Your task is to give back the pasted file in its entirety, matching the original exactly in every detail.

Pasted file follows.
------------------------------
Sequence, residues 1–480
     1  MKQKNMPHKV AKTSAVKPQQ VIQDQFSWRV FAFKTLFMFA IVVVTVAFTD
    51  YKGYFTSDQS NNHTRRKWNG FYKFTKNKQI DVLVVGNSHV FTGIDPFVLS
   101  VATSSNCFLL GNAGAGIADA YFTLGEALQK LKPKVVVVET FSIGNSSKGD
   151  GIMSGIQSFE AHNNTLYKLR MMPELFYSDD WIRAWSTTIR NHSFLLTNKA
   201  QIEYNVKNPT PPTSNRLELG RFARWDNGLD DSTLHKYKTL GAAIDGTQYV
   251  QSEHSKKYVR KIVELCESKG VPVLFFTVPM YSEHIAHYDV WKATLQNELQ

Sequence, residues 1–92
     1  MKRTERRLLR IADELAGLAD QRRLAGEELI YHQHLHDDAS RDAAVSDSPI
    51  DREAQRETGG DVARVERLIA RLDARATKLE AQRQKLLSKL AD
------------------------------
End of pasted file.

Sequence, residues 1–480
     1  MKQKNMPHKV AKTSAVKPQQ VIQDQFSWRV FAFKTLFMFA IVVVTVAFTD
    51  YKGYFTSDQS NNHTRRKWNG FYKFTKNKQI DVLVVGNSHV FTGIDPFVLS
   101  VATSSNCFLL GNAGAGIADA YFTLGEALQK LKPKVVVVET FSIGNSSKGD
   151  GIMSGIQSFE AHNNTLYKLR MMPELFYSDD WIRAWSTTIR NHSFLLTNKA
   201  QIEYNVKNPT PPTSNRLELG RFARWDNGLD DSTLHKYKTL GAAIDGTQYV
   251  QSEHSKKYVR KIVELCESKG VPVLFFTVPM YSEHIAHYDV WKATLQNELQ

Sequence, residues 1–92
     1  MKRTERRLLR IADELAGLAD QRRLAGEELI YHQHLHDDAS RDAAVSDSPI
    51  DREAQRETGG DVARVERLIA RLDARATKLE AQRQKLLSKL AD